WOA Issue 39
In this issue Single board computer: Pine H64 (Allwinner H6)…
A short issue this week due to the Thanksgiving holiday.
Drone has announced a free continuous integration (CI) service running at Packet for open source projects. The service offers both a 32-bit armhf and a 64-bit arm64 build environment for your code, as well as x86 builds.
David Schor from WikiChip notes that the Gigabyte H261 series motherboards support ThunderX2 CPUs with up to 195W TDP (total dissipated power). “Makes you wonder how high the top off-roadmap SKUs really get.”
GIGABTYE’s H261 series is a 2U platform with up to 4 dual-socket ThunderX2 compute nodes that can scale up to 1024 logical processors with 4 thread SMT and can address up to 4TB of memory capacity. The chassis has multiple PCIe expansion slots and can support 12 x 3.5″ drives (H261-T60) or 24 2.5″ drives (H261-T61) making it an ideal solution for applications that are compute and memory intensive.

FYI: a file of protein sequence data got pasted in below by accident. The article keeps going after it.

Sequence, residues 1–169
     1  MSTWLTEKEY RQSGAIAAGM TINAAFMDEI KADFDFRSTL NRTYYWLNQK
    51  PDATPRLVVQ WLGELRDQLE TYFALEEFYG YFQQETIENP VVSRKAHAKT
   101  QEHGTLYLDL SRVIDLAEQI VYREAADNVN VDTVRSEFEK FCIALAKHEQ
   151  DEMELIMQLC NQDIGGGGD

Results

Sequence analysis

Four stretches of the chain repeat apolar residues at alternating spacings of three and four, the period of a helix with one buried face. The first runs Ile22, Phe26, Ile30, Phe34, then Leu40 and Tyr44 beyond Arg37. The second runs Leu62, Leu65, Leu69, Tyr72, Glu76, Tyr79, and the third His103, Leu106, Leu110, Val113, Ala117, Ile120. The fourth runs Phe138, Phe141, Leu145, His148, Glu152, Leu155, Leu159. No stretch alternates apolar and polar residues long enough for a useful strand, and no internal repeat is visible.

WLinux is a Debian-based distribution of Linux designed for use with the Windows Subsystem for Linux (WSL). It’s being built for Windows 10 arm64 systems.
A distribution of the Google Chrome browser is in preparation for arm64 Windows 10 laptops.
Raspberry Pi founder Eben Upton is interviewed at the Electronica 2018 conference, talking about the past, present, and future of the Pi platform.
Huawei has announced the Hi1620 server chip, derived from A76 cores and built on a 7 nanometer process. Anandtech and Heise look at the new CPU. (Heise article in German.)
Users are enthusiastic about the new Pinebook, a $99 laptop powered by a $29 Arm single-board computer. A shipment of the devices is making its way to developers, sporting an upgraded 1080p screen and accelerated graphics.